Challenges for AI PCs are just about to start

Chloe Liao, Taipei; Jack Wu, DIGITIMES Asia 0


Barring any unexpected developments, AI PCs are expected to be the central focus of COMPUTEX 2024. It will also set off the first wave of competition in AI end-user products in 2024.

On May 16, Asus Co-CEO Samson Hu, Pegatron Chairman T.H. Tung, and several industry leaders participated in the "Pre-COMPUTEX Event Series - AI PC Industry Exploration Forum." During the forum, they shared numerous insights on the future development of AI PCs.

Both Tung and Hu expressed during the event that AI PCs will become so ubiquitous to the point where it's a standard feature just like Wi-Fi. It will be so commonplace that people will gradually stop deliberately mentioning it as something notable in the future.3

Regarding the AI PC trend, Hu stated that the development of AI PCs is still in its early stages, with 2024 being the inaugural year. Right now, it is merely at the starting point. There is still a lot of room for development and many issues that need the joint attention of various sectors.

Tung agreed with Hu's comments, predicting that 2024 will be a lively year. AI has offered the "old" PC industry an opportunity to rejuvenate but it also brings challenges. Precisely because AI PCs are going to be so commonplace, companies can't just be talking about big words and concepts; the key is to have tangible implementations.

Despite AI PCs still being in the early stages of development, Quanta SVP and Quanta Cloud Technology (QCT) GM Mike Yang believes "the development speed will be very fast." This is mainly because software and hardware integration is in place, with things like large models for training AI already in a mature development state.

Secondly, essential technologies such as edge computing and 5G communication are already in place. Regarding the data, there is a wealth of data generated by public clouds and IoT databases to feed AI. In terms of key hardware support, semiconductor advancements are accelerating as well.

Yang also emphasized that the AI PC ecosystem is built on integrating software and hardware. So far, it appears that everything is well-prepared. He highlighted that while Taiwan is in a leading position in key AI PC infrastructure, future development will hinge on applications, especially various vertical industry applications.

Hu pointed out that shipment volume is neither the key focus nor the biggest hurdle in AI PC development. The challenges posed by different environments and usage scenarios are where the true test begins.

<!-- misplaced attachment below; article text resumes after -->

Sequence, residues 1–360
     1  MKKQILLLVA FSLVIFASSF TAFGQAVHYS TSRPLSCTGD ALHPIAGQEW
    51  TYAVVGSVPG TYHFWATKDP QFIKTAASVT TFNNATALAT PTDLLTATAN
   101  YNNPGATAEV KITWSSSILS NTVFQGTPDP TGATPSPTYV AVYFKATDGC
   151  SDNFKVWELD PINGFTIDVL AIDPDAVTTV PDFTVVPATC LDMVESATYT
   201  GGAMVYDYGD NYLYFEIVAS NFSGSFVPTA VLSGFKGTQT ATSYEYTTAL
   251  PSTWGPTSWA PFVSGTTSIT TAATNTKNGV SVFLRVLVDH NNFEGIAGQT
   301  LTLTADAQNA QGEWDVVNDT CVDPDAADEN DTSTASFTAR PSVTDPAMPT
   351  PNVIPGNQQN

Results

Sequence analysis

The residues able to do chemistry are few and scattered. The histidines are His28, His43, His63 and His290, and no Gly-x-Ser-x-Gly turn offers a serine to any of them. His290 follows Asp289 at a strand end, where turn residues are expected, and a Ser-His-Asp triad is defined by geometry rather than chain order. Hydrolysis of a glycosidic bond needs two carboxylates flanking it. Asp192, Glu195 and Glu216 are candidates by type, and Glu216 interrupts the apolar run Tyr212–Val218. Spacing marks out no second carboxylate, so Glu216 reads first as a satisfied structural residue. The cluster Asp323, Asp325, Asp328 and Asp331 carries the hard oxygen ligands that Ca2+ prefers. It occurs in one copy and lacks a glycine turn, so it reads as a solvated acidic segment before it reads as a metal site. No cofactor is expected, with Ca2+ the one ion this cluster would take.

Hu also summarized five key issues for the future development of AI PCs. Firstly, hardware architecture needs to continue to evolve. As application scenarios expand, performing inference with AI at the edge will require even more computing power. Even Asus's upcoming AI PC, which has more than 40 TOPS of computing power, will not be sufficient. Improving and upgrading hardware will be an industry-wide effort from both upstream and downstream.

Secondly, Large Language Models (LLMs) are developing rapidly. However, given the trend toward lighter and thinner end-user devices, refining all kinds of LLMs to be lightweight models so they can occupy a smaller space in end devices while maintaining their intelligence will require ongoing effort.

Thirdly, collaboration with the cloud is crucial. Hu admitted that while there is great enthusiasm for AI development at the edge right now, as AI becomes more widespread, the applications will also become more powerful and complex. Once the complexity reaches a certain threshold, running solely on the edge will be difficult. Ultimately, it will have to return to the cloud. Therefore, figuring out how the edge and cloud will collaborate and how relevant algorithms will be executed is important.

Fourthly, establish an AI application ecosystem. Hu stated that over the past 40 years of development, the PC industry has standardized many software and hardware. In the upcoming AI era, a new ecosystem must be built. A development ecosystem across different platforms will attract more Independent Software Vendors (ISVs) to accelerate industry development.

Finally, user education and promotion are vital. He mentioned that as AI becomes ubiquitous, it will reach a broader user base. Previously, consumer electronics were likely used most by younger people. In the future, even the elderly will be part of the user base. Thus, AI education for the general public should not be overlooked.

In addition, Tung mentioned that beyond discussing the ecosystem and end-user experience, it is important to consider societal, national, and legal aspects as well. He stressed that issues regarding AI privacy and ethics will require new discussions and ideas to avoid challenges to social security systems.